Will gold prices tumble if the U.S. Fed raises its key interest rate on Wednesday week?
Friday's stronger-than-expected inflation data saw gold drop near three-month lows, and consensus says this week's U.S. Fed decision on interest rates has become D-Day for 2016's previous gains. But history says otherwise.
Gold has since 1986 been more likely to rise if rates go up than if they stay the same, and by a greater percentage as well.
Longer-term, a rate rise has also been followed by much stronger gold gains than a cut, and more frequently too.
In contrast to the actual data, intuition says gold should rise or fall in opposition to interest rates, because gold pays no income.
Owners face an opportunity cost in the lost interest they would otherwise earn holding risk-free cash, and that cost rises if rates go up.
Of course, the wider market also believes this, but traders and professional investors can't wait for the Fed to announce a rate change before acting. Bulls need to buy in advance, and bears need to sell.
So if consensus says that the Fed will hike, then intuition says gold will fall -- and the market moves in advance.
Going into a Fed rate hike, gold has on average been a little more likely to fall than rise during the preceding month.
That pulls the metal's average one-month change in advance of a rate hike down to just 0.07%, well below the last 30 years' overall average monthly rise of 0.48% and just one-tenth the average monthly rise ahead of a rate cut.
In other words, gold price moves around a Fed rate hike offer a classic case of "buy the rumor, sell the fact." Traders sell gold when they anticipate a Fed rate rise, depressing prices. Prices then rise ahead of the typical average once the hike is announced.
Of course, these data show you the mean average pattern over the last 30 years, and you can't trade the averages, only the specific situation you're in.
But looking at what the aggregate pattern tells us, it's notable that, over the last 30 years, the Fed has tended to cut rates when gold has been falling, and raised rates when gold rose. Gold on average gained 0.6% per month over the two years sandwiching each rise. It gained only 0.3% per month for the two years around a rate cut.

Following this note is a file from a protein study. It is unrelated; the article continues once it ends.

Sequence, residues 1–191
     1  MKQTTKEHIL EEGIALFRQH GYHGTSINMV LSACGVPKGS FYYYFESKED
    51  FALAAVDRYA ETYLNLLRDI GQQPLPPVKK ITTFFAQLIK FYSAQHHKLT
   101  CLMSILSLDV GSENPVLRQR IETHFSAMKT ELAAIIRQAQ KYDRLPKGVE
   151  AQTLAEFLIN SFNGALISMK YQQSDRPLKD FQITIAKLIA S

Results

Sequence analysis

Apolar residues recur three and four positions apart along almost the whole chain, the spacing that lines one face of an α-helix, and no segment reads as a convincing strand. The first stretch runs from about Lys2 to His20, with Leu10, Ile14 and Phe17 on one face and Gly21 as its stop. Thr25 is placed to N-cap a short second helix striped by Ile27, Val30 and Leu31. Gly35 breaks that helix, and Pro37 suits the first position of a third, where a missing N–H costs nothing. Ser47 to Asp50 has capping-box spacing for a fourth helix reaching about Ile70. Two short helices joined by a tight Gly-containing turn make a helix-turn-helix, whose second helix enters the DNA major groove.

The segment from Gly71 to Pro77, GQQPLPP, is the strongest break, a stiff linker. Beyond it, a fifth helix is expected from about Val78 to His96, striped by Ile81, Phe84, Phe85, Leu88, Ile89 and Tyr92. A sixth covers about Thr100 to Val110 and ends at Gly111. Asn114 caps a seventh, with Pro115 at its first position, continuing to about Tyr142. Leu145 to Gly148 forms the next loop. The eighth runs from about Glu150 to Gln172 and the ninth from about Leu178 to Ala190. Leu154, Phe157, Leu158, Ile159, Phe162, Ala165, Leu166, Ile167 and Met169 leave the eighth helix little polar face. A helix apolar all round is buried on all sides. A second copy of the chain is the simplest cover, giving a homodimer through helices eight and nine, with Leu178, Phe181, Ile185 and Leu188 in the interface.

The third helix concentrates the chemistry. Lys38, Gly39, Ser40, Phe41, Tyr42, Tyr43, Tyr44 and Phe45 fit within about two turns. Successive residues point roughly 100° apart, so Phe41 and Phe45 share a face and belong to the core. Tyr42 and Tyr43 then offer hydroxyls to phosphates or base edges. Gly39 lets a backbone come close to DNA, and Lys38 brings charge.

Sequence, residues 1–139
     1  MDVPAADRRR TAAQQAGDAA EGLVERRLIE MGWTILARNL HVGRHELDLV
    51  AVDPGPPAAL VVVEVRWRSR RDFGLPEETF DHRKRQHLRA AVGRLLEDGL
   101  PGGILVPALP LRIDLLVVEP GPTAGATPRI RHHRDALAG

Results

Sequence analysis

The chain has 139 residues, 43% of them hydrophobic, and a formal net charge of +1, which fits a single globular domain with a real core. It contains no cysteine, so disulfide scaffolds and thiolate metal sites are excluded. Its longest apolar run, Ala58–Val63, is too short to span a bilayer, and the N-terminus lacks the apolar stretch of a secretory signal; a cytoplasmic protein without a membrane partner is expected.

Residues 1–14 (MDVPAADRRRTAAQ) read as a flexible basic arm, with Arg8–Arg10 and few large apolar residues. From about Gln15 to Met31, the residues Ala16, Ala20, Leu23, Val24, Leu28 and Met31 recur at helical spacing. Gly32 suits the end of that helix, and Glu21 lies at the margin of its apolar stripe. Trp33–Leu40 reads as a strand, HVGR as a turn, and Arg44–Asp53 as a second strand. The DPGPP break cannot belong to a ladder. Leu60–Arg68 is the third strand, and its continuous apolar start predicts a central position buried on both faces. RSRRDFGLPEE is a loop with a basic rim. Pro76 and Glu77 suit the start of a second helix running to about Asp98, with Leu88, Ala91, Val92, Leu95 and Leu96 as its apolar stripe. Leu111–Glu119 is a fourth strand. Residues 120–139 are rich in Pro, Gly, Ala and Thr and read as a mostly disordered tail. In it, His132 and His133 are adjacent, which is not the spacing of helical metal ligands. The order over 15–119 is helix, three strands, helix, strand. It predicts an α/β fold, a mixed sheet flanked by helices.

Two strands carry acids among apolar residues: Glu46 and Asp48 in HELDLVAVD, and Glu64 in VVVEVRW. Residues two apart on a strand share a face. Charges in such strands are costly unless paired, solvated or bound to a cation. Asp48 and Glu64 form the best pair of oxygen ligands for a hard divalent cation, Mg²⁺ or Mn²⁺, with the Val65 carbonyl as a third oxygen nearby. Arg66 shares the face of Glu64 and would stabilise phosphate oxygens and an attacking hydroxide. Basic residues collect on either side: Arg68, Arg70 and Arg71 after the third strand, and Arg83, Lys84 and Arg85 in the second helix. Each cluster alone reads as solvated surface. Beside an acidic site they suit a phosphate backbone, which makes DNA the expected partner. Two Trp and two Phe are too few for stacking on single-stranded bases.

Again, this sounds counter-intuitive at first. But the simplest explanation is, in a word, inflation -- or rather, inflation expectations.
Gold appeals most when the cost of living is rising sharply, and your currency is losing real value. Its next best appeal comes when you sense this risk ahead, and buy before it happens. Central banking 101 meantime says to raise interest rates when it looks like inflation will rise above the target level, typically (but arbitrarily) set at 2.0% per year.
Hence gold's slump, you might say -- and the Fed's delay to a rate hike -- in 2015. Hence the sudden upturn in prices from new six-year lows as U.S. inflation jumped at the start of 2016.
Thing is, the Fed's preferred inflation -- the PCE deflator -- still hasn't risen to its 2.0% annual target for more than four years. Excluding the global financial crisis, inflation on this measure hasn't been this low since at least the 1950s, and other measures, like the Dallas Fed's trimmed mean PCE index, are little stronger.
So raising now, even with official jobs data strong and stocks just shy of new all-time highs on low volatility, would fly in the face of the U.S. central bank's price stability mandate. Bond prices seem to concur, with Treasury yields on five-year maturities and longer all shifting half-a-point down since the first Fed hike of December last year. Betting on interest-rate futures has also retreated, now suggesting a one-in-six shot of a rise on Wednesday, rather than the two-in-three reached when a September hike looked a sure thing as recently as May.
Gold prices, in contrast, have slipped as the September meeting draws near, with gold ETF shareholdings -- such as the SPDR Gold Trust (GLD) - Get Report -- also down as Comex gold futures and options speculative betting drops.
Seen against the last 30 years of data, gold is anticipating a major shock from Wednesday's announcement. If the bond and futures markets prove right instead, and the Fed delays again, the turnaround in bullion could be swift.
This article is commentary by an independent contributor. At the time of publication, the author held no positions in the stocks mentioned.